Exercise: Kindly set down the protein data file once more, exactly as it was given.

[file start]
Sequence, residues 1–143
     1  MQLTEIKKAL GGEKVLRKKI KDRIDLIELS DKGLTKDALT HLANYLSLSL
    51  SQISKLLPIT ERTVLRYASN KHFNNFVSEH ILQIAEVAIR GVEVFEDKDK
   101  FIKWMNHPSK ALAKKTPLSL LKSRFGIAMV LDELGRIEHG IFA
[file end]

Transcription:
Sequence, residues 1–143
     1  MQLTEIKKAL GGEKVLRKKI KDRIDLIELS DKGLTKDALT HLANYLSLSL
    51  SQISKLLPIT ERTVLRYASN KHFNNFVSEH ILQIAEVAIR GVEVFEDKDK
   101  FIKWMNHPSK ALAKKTPLSL LKSRFGIAMV LDELGRIEHG IFA